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Different forms of anisogamy: A) anisogamy of motile cells, B) oogamy (egg cell and sperm cell), C) anisogamy of non-motile cells (egg cell and spermatia)

Anisogamy (noun) (also called heterogamy) refers to a form of sexual reproduction involving the union or fusion of two dissimilar gametes (differing either in size alone or in size and form) — anisogamous, anisogamic, (adj.).[1] The smaller gamete is considered to be male (sperm cell), whereas the larger gamete is regarded as female (egg cell).

There are several types of anisogamy. Both gametes may be flagellated and thus motile. Alternatively, neither of the gametes may be flagellated. This situation occurs for example in some algae and plants. In the red alga Polysiphonia, large non-motile egg cells are fertilized by small, non-motile spermatia. In flowering plants, the gametes are non-motile cells within gametophytes.

The form of heterogamy that occurs in animals is oogamy. In oogamy, a large, non-motile egg cell (ovum) is fertilized by a small, motile sperm cell (spermatozoon). The large egg cell is optimized for longevity, whereas the small sperm cell is optimized for motility and speed. The size and resources of the egg cell allow for the production of pheromones, which attract the swimming sperm cells.[2]

Evolution of anisogamyEdit

Anisogamy is the phenomenon of fertilization of small gametes (sperm) and big gametes (eggs). Gamete size difference is the fundamental difference between males and females. Anisogamy first evolved in multicellular haploid species after the differentiation of different mating types had already been established.

Two main theories have been proposed for the evolution of anisogamy. One focuses on sperm competition and the selfishness of sperm;[3][4] the other focuses on the cooperation of different mating types to deal with fertilization risks.[5][6] Both theories assume that anisogamy originated through disruptive selection acting on an ancestral isogamous population, and that there is a trade-off between larger gamete number and smaller fitness of each gamete, because the total resource one individual can invest in reproduction is fixed.[7]

The theory of sperm competition was the first theory to explain the evolution of anisogamy, which was proposed by Geoff Parker. He proposed that because the size of the zygote is determined by the sizes of both gametes and one gamete becoming smaller will decrease the zygote size to no less than half, so there is a large benefit to reduce gamete size in order to greatly increase gamete number. Then, the many smaller gametes can still "parasitize" the larger gametes to pass on their genes. Then, larger gametes have to increase their sizes to compensate the nutrient loss of the zygotes. So sperm competition, which was the selection force to greatly increase gamete number, was proposed to be the cause of size differentiation of different gametes, and eventually the evolution of sperm and eggs.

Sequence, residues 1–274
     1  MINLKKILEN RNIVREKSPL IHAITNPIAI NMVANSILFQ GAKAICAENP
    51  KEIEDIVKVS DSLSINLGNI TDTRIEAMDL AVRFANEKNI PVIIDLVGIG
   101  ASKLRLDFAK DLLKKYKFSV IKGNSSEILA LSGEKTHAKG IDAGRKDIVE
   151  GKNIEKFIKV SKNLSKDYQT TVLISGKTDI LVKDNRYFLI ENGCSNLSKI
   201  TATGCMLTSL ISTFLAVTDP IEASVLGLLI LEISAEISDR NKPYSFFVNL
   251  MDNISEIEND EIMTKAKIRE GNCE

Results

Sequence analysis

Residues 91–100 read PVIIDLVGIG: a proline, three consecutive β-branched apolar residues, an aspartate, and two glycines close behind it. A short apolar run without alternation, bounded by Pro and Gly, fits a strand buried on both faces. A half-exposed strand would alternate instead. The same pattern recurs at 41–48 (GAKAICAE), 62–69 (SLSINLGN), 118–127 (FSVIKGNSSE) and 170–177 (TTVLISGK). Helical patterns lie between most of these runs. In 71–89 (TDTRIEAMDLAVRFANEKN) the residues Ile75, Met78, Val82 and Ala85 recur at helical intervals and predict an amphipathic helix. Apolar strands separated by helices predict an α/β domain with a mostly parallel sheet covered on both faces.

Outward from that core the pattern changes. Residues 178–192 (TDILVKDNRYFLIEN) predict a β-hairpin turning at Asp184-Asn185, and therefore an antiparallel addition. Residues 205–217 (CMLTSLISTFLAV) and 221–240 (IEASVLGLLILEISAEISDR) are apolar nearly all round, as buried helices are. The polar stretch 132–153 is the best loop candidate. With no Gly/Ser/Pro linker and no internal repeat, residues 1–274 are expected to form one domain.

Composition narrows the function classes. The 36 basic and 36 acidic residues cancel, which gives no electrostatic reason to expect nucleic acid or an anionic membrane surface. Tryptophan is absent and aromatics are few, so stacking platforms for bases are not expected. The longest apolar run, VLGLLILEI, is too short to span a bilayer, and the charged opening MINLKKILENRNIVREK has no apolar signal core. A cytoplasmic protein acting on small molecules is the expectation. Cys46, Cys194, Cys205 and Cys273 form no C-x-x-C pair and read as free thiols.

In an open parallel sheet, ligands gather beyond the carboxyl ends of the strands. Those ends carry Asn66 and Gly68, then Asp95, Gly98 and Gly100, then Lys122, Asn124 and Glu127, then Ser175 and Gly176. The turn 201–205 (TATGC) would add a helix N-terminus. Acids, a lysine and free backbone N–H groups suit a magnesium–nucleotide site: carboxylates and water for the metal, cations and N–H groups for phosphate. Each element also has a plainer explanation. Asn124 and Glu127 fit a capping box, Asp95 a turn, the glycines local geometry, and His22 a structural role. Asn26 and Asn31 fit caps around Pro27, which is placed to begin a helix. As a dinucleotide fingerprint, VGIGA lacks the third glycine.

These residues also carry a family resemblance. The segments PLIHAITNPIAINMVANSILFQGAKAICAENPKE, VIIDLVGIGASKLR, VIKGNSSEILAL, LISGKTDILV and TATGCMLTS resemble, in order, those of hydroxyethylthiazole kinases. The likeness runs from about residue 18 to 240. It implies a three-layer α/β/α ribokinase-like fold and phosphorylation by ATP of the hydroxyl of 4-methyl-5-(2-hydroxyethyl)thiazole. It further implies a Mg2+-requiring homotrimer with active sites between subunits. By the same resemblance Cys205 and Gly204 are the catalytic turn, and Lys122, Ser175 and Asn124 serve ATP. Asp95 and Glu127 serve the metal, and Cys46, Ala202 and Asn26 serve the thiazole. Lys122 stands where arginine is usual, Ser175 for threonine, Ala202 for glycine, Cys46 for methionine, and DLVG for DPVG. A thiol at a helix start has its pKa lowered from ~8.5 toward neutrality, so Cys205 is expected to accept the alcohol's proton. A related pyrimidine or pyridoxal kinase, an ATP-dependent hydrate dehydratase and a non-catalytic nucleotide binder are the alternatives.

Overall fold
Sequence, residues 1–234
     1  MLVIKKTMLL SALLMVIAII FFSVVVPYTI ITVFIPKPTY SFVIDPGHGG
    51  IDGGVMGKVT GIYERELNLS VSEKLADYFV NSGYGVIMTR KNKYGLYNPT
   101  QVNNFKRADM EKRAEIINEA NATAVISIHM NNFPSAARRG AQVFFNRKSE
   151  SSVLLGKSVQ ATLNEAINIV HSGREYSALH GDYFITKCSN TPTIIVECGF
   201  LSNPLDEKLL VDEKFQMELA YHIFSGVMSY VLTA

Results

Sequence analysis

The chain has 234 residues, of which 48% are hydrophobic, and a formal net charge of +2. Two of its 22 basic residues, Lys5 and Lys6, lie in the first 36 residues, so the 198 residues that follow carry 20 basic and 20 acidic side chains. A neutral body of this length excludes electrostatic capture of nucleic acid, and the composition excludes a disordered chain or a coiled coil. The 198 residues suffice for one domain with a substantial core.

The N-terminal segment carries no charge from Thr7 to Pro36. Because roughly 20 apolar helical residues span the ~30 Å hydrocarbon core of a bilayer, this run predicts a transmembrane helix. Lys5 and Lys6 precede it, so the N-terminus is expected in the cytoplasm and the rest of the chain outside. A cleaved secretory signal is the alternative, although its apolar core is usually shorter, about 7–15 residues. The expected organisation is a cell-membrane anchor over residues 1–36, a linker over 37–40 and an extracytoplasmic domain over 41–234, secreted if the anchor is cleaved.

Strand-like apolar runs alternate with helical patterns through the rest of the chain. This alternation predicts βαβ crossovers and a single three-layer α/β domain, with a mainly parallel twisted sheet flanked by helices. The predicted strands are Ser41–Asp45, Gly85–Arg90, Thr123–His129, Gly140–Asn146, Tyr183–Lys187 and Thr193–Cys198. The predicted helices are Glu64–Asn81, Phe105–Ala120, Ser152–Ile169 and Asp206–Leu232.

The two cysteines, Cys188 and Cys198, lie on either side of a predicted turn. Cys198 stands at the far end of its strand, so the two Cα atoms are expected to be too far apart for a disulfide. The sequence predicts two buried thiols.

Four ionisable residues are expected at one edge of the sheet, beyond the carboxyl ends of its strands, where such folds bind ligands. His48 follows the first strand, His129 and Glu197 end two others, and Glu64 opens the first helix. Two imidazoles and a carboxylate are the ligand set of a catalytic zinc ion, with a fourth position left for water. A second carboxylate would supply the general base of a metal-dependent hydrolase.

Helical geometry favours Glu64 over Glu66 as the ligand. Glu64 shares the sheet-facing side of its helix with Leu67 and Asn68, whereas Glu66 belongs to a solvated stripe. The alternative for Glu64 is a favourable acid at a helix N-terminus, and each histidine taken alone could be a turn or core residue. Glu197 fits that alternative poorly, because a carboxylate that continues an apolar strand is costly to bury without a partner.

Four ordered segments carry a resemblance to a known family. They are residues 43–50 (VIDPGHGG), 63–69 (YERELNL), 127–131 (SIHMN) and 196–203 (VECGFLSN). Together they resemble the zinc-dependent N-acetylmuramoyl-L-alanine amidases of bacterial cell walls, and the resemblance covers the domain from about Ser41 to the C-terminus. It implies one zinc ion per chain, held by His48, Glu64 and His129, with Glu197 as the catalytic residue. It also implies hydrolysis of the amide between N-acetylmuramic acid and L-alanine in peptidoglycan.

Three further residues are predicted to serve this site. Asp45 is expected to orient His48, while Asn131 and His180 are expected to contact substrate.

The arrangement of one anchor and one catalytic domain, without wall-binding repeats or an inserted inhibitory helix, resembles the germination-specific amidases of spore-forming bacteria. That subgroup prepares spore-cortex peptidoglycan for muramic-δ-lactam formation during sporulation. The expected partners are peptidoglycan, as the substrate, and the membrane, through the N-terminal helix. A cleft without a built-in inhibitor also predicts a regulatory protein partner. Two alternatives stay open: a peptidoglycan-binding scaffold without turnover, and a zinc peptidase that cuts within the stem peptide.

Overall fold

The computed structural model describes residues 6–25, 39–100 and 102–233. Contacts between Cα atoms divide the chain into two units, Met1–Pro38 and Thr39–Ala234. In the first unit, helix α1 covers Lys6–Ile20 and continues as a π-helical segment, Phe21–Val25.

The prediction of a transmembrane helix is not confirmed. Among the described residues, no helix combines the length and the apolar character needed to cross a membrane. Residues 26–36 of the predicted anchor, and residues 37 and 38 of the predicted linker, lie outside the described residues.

However, competition not only exists among sperm, but also exists among eggs. Parker provided no explanations for why it was sperm that became smaller but not eggs, or what caused proto-sperm and proto-eggs to be unequal. In fact, a recent mathematical model[6] shows that sperm competition is neither necessary nor sufficient for the evolution of anisogamy. Sperm competition only caused sperm to become as small as possible (considering them still functional) after anisogamy and smaller sperm had already evolved. The real reason for the evolution of anisogamy is proposed to be fertilization risk. An important problem for the mating of multicellular organisms is the transport of gametes from place to place for fertilization, which should evolve for at least one mating type because gametes of different individuals usually do not have direct contact. However, the transport has a probability of failure and poses a fertilization risk. When the risk increases, gametes of one mating type need to become smaller to increase the number to overcome this risk, and gametes of the other mating type need to become larger to compensate for nutrient loss of the zygotes.

So it is fertilization risk and the cooperation of different mating types to deal with it that caused the evolution of anisogamy. Sperm evolve to increase fertilization events and eggs evolve to compensate the nutrient loss. Additionally, sperm can evolve even smaller when eggs become larger to ensure zygote nutrient, and eggs can evolve even larger when sperm become smaller to reduce fertilization risks. This cooperation may be the reason why many organisms have extremely small sperm and extremely large eggs.

See alsoEdit


  2. Dusenbery, David B. (2009). "Chapter 20" Living at Micro Scale, Cambridge, Mass: Harvard University Press.
  3. Parker, G.A., et al., 1972. The origin and evolution of gamete dimorphism and the male–female phenomenon. J. Theor. Biol. 36, 181–198.
  4. Parker, G.A., 1982. Why are there so many tiny sperm? Sperm competition and the maintenance of two sexes. J. Theor. Biol. 96, 281–294.
  5. Dusenbery, D.B., 2006. Selection for high gamete encounter rates explains the evolution of anisogamy using plausible assumptions about size relationships of swimming speed and duration. J. Theor. Biol. 241, 33–38.
  6. 6.0 6.1 Jiang-Nan Yang (2010). Cooperation and the evolution of anisogamy. Journal of Theoretical Biology 264: 24–36.
  7. (2002). The evolution of anisogamy: a game-theoretic approach. Proc. R. Soc. Lond. B 269 (1507): 2381–2388.
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